Tornado sirens blare quite often in Joplin, Mo., and many people didn't take immediate action this year when the siren sounded before a massive tornado devastated the town.
"Most people ask 'How serious is a siren warning?'" said Richard Wagenmaker, meteorologist-in-charge of the Detroit Weather Forecast Office, who led an assessment of the response to the tornado that includes recommendations on how to improve warning systems to better help people judge the level of danger they might be in.
The Joplin tornado struck on Sunday, May 22, as an EF-5, the strongest rating on the tornado damage scale. The twister killed 159 people, according to the U.S. National Oceanic and Atmospheric Administration (NOAA), making it the seventh deadliest in U.S. history and the deadliest in at least 60 years. It also injured more than 1,000.
To help avoid similar disasters in the future, NOAA's service assessment released today (Sept. 20) has made suggestions to be evaluated and will help guide towns around the country on the best practices for tornado warnings.
Stories of loss and survival
Wagenmaker and his team interviewed 100 people in the field a week after the tornado hit and asked them about what prompted them to take shelter. Many said the first siren didn't trigger any concern, as they often go off as false alarms or for other reasons. Most of those interviewed said they waited for further confirmation from television broadcasts or from looking outside and seeing the twister before they sought shelter.
Estimating the number of lives lost because people were slow to take action wasn't possible, Wagenmaker said.
The tornado was wrapped in rain, so it was hard to see until it was dangerously close.
Social media and text messaging alerted some people to the immediate danger, though was not as big a factor in warning people as the team originally expected. One woman interviewed said she was eating dinner with her family at a restaurant when she got a text message and phone call during dinner about the tornado. The alerts prompted to her to take shelter in the restaurant before the tornado hit.
Weather radios were not common in the area, the report found.
Many residents did eventually take shelter, but for several reasons such as the lack of basements, many did not survive. One woman interviewed lost 16 neighbors on her block.
She heard the first siren and turned on the TV and only took cover with her daughters when the broadcast said to. When a second siren sounded, she told the interview team that she thought it could be an all-clear signal and nearly came out of her shelter in the bathroom just before the tornado destroyed her house.
The team recommended looking into the possibility of using different tones on sirens to indicate different levels of threat, as well as adapting automated warnings to distinguish between smaller, less threatening tornados and killers like the one that hit Joplin.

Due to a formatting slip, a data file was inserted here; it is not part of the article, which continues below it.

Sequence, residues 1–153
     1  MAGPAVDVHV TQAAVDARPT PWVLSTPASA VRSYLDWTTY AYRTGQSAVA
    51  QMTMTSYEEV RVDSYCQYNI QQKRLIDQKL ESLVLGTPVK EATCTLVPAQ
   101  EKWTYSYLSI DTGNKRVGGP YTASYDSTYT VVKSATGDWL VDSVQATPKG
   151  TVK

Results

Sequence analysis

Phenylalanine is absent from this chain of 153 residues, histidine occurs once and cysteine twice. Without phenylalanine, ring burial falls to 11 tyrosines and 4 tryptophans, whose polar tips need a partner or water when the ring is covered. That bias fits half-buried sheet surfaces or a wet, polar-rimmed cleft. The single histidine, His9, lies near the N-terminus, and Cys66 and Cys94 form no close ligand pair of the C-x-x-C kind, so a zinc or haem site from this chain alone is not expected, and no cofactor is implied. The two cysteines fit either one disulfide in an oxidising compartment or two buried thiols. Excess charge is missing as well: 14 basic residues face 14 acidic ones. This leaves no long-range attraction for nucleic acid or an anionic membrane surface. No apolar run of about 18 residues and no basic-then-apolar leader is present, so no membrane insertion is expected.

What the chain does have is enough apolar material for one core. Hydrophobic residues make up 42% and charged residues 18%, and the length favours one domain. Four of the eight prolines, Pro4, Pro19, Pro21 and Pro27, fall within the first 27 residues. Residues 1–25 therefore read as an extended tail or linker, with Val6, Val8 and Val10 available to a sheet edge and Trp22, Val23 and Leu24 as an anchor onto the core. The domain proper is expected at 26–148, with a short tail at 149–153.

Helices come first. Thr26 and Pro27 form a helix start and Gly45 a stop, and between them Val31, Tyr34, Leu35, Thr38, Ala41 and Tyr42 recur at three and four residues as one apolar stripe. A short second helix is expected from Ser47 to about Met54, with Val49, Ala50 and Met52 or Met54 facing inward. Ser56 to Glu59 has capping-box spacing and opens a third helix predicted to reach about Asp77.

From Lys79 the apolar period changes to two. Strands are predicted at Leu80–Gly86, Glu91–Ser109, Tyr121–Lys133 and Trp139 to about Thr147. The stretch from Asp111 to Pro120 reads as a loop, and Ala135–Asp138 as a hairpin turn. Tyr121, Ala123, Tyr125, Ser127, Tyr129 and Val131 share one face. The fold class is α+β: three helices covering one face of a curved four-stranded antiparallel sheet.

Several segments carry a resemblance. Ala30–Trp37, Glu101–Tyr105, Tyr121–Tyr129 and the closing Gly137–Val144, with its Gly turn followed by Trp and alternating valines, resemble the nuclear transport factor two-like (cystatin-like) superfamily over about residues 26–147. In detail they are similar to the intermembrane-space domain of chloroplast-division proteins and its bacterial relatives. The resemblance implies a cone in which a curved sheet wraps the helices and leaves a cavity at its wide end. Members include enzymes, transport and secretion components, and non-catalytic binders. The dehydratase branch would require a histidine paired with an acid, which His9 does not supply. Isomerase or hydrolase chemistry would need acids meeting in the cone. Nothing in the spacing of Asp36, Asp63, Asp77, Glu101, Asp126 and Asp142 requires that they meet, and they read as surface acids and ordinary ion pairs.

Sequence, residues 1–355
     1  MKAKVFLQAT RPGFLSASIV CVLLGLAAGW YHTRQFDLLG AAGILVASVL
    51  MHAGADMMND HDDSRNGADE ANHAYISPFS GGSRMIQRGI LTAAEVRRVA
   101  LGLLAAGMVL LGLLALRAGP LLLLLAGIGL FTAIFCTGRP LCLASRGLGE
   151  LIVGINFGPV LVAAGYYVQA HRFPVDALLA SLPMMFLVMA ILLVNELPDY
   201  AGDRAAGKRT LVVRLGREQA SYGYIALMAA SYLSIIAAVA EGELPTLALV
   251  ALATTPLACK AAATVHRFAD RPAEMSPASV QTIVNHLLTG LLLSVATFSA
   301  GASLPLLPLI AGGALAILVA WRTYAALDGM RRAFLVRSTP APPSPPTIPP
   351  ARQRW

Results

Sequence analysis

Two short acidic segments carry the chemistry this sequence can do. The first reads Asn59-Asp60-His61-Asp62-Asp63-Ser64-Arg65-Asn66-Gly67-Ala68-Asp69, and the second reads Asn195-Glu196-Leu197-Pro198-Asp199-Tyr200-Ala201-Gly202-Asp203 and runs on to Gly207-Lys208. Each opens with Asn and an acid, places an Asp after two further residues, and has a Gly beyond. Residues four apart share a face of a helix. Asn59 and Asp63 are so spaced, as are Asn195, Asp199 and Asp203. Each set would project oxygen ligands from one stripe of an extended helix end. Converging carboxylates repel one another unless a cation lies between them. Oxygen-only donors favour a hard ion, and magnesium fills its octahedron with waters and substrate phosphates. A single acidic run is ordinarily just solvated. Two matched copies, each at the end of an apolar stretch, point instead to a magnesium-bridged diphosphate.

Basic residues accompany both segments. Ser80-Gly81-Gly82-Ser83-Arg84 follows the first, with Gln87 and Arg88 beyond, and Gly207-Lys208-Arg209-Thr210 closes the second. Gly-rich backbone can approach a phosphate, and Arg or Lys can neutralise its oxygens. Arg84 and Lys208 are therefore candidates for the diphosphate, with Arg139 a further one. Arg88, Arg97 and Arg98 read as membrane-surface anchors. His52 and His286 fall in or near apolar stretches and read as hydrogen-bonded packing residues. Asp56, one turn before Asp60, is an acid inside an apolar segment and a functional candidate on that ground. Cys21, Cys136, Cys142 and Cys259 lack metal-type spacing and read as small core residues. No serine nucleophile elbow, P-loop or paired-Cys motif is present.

Insurance payouts from the Joplin tornado now exceed $1 billion, and that amount eventually could double, according to the Missouri Department of Insurance. The Joplin tornado stands to pass the 1966 Topeka, Kan., tornado as the costliest in U.S. history.
The tornado path was 22 miles (35.4 kilometers) long, and was EF-4/5 strength for 6 miles (9.7 km). The storm was three-quarters of a mile wide with a 300-yard-wide (274 meters) hurricane-like eye. Its winds exceeded 200 mph (322 kph).
The supercell thunderstorm that produced the devastating twister formed over Kansas. Warnings had been issued 48 hours prior that this thunderstorm could get nasty.
The National Weather Service (NWS) received its first report of the tornado at 5:34 p.m. local time, from west of the Missouri-Kansas border.
Seven minutes later, there were reports of a tornado within Joplin's city limits, about 7 miles (11 km) east of the first sighting. The first tornado warning that included the city of Joplin had been issued at 5:17 p.m. local time. The tornado struck the town at about 5:41 CDT (6:41 EDT). [Related: Why Tornado Forecasting is Tough]
To help prevent another big tornado from killing so many, the NOAA report recommended several best practices, such as more frequent radar scans and a better way to use tornado sirens to alert people of immediate danger. Even color-coded warnings could help save lives.
"Something that simple could be a very valuable tool," said Lynn Maximuk, the director of the NWS central division.
Keith Stammer, the emergency manager Jasper County, Mo., where Joplin is located, said that the town has applied for FEMA funding for 10,000 weather radios for households in the area and also for shelters for residents.
The 2011 tornado season was a particularly damaging one, and the lessons learned in Joplin could help save lives across the country. Tornadoes have killed 546 people this year, the fifth deadliest season on record, according to the nation's Storm Prediction Center.
An outbreak of tornadoes from April 25 to 30 over central and southern states led to 327 deaths. Of those fatalities, 240 occurred in Alabama. The deadliest of the estimated 305 tornadoes in the outbreak was an EF-5 that hit northern Alabama, killing 78 people. Several major metropolitan areas were directly affected by strong tornadoes, including Tuscaloosa, Birmingham and Huntsville, Ala., and Chattanooga, Tenn.